A good criminal investigator (detective) is good at observing minute details at the crime scene and observing details that a normal person might miss to notice! Then he goes ahead to use his deduction skills to analyze the facts and build a theory that might explain the mystery (if any) and help him in getting hold of the criminal! Throughout the investigation, his knowledge in crime helps him in cornering the criminal! As an analogy [assuming a criminal in crime investigation as analogous to a defect in software testing], a tester tries to pin point any unusual behavior while testing the software. His observation skills largely help him to notice any ambiguity that might be there in the application under test. He makes use of his deduction and problem solving abilities to find out the original defect/bug/issue! [Remember! A single defect might have multiple symptoms! So narrowing down the problem and finding the error triggering condition can sometimes become a challenge if the tester lacks the power of deduction!] And last but not the least, the knowledge in software testing always comes in handy in catching a defect!

I am not sure if you liked my above analogy of crime investigation with that of software testing! But I am really excited with this new connection and wondering if a software tester can make a good crime investigator and vice versa! I would highly appreciate if you come forward and share your views on this by commenting.

Happy Testing…
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About Debasis Pradhan

Debasis has over a decade worth of exclusive experience in the field of Software Quality Assurance, Software Development and Testing. He writes here to share some of his interesting experiences with fellow testers.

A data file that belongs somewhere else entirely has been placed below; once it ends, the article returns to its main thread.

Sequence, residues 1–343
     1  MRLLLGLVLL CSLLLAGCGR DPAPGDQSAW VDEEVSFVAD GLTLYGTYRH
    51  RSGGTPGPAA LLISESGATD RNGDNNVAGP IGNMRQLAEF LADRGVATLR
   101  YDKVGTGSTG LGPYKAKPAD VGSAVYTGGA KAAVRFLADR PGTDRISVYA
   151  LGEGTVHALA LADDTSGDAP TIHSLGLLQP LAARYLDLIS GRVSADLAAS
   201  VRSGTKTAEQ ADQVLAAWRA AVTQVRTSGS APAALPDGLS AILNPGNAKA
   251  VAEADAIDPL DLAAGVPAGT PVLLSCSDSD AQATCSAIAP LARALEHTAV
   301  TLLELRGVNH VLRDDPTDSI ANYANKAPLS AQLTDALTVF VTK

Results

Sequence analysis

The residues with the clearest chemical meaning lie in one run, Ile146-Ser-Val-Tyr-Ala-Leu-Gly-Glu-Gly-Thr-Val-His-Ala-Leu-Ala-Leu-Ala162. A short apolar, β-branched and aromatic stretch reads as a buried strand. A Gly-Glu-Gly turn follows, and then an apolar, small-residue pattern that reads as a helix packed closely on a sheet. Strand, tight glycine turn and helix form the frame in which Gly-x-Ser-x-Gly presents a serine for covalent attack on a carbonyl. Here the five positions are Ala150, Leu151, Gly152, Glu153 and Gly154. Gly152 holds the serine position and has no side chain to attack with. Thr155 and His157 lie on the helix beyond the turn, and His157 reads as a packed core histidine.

1. Hi Debasis,

    Nice post!! I have read most of the stories of Sherlock Holmes and can appreciate the analogy given by you. Good work. I am also adding this blog in my blog section.


  2. @ TestingGeek,

    Thanks for considering this post worth featuring in the blog section of your website! I hope I would continue to deliver posts that might be equally interesting to you! Happy Testing...


  3. I agree with your analogy of tester with detective. I have had similar experience while doing performance testing. It is easy to identify, that there is performance problem in an application, but it requires all the skills of Sherlock to find out the culprit (bottleneck creating code). - Aashu Chandra PMP

  4. It is good to read and intresting.Some of the points are common to all testers even though the way of presentation will not get boared to read this article.

  5. hi debasis,

    i have too read Sherlock Holmes but not looked into the view of a tester now i start thinking deep about ur comparison.As i have read all ur blogs i understood u like commenting on each post.thanks once again...


  6. Hey its a good artical for software tester... specially the way you have described it here, good work!

  7. very good observation..you keep an eye for both..you can be the one in both the areas...I liked it a lot..all the best...


  8. Definitely very insightful! Observation, Deduction, Knowledge(ODK)...how we do love acronyms. I am also a fan of the Sherlock Holmes series. As an aside, I wanted to add that just as Sherlock Holmes had Watson, so can we as testers do even better by having aid...pair testing for example. Great post!

  9. Hi Debasis,

    Nice Post. Thanks for sharing this.

  10. Hi..
    It is really a very good to read such important points.I like it very much.Thank you for this post.

  11. The way you described the article was good. Technically sound.

  12. Gr8 one to read and really interesting comparison!!!!

  13. Good article....I think Tester can become Detectives and vice versa!!!

    As it is observation skill which distinguish us (Testers) from normal users. Ability to see hidden things...and thats what crime instigators do....

    Whenever we see any crime or detective movie / TV shows my wife always ask me to keep silence as I reveal secrets before they saw it on screen......and ya let me know if you got any cases to solve......we will start partnership!!!!

    Thanks....keep writing good articles.....